Scientists thought hungry polar bears went into 'walking hibernation' if they couldn't find food — but new research says that's not the case.
Two new US government reports paint a very bad picture for polar bears, which are under threat due to diminished sea ice extent in the Arctic, a region that is warming at twice the rate as the rest of the world.
Temperatures for the month were over seven degrees warmer than the 20th-century average — the latest in a two-year streak of broken temperature and precipitation records.
Rates of sea ice melt are higher than previously seen and could bring about dangerous levels of sea-level rise.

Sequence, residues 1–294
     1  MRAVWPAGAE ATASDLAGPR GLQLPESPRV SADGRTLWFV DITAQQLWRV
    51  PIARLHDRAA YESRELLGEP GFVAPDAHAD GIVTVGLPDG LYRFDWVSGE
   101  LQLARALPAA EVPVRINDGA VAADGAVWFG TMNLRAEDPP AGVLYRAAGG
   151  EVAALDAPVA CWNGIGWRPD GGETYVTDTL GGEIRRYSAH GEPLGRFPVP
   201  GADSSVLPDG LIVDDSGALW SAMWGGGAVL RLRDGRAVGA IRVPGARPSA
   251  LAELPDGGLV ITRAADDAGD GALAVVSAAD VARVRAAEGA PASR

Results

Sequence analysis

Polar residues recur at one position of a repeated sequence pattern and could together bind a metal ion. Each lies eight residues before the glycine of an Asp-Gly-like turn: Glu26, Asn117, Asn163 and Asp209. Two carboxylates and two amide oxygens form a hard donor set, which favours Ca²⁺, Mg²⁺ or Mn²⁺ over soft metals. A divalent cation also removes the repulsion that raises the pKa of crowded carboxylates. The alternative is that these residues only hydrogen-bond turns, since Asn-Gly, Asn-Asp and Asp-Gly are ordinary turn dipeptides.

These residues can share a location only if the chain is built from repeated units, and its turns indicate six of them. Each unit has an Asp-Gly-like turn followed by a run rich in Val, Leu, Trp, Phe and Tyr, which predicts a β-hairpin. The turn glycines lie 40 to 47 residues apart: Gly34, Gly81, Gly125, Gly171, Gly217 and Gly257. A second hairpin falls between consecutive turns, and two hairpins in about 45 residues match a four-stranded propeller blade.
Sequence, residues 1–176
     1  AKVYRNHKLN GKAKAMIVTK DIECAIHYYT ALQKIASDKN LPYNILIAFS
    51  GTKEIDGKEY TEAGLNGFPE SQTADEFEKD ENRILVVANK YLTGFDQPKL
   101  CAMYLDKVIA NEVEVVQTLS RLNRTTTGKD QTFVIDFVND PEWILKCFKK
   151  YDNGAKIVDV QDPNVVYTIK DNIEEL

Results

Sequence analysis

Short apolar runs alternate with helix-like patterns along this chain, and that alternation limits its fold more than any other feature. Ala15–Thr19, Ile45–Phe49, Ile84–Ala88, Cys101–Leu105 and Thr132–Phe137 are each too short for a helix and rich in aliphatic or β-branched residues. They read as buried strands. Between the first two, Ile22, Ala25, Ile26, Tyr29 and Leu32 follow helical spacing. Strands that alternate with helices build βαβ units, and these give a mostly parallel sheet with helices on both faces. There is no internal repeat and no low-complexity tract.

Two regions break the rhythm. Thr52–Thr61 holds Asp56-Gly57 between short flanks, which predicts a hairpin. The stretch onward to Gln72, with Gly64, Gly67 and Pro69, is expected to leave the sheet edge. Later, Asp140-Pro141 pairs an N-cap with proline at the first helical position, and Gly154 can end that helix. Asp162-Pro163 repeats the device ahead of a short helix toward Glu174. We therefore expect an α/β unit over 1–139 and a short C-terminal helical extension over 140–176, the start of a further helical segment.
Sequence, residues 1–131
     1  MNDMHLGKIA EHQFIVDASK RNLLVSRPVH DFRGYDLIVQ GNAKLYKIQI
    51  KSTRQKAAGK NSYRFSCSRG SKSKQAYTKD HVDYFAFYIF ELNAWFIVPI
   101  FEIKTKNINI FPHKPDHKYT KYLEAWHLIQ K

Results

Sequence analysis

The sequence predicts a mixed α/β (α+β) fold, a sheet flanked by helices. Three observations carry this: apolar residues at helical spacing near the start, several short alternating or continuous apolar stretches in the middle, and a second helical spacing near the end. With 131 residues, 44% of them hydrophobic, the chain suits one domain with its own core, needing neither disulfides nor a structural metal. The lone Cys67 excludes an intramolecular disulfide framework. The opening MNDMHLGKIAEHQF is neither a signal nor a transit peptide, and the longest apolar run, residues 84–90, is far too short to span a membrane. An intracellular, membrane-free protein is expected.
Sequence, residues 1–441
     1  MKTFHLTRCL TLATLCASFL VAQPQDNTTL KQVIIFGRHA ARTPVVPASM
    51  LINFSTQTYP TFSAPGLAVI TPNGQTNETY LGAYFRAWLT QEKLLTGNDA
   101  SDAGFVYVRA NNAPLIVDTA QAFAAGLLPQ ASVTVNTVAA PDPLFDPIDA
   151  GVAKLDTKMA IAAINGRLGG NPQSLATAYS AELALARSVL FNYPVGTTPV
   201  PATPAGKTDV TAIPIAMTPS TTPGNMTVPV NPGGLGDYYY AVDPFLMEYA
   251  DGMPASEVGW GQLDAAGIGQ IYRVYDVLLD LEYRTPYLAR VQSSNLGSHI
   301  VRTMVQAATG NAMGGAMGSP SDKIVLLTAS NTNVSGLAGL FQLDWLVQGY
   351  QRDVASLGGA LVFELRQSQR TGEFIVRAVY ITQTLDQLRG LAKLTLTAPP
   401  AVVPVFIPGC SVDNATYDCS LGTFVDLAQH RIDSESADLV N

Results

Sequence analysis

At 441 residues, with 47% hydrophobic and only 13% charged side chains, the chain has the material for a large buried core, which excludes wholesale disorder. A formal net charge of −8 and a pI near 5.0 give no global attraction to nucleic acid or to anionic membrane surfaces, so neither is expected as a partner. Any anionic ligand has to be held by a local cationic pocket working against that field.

Less Arctic ice means more dark, open-ocean water that absorbs additional heat, melting yet more ice, and so on in what is a quintessential climate change feedback loop.
The amount of sea ice in the Arctic that is more than a year old has been decreasing since the mid-1980s, meaning the ice pack is becoming more vulnerable to warming ocean temperatures.
Maps from a new atlas are the 'most thorough audit of marine life in the Southern Ocean.'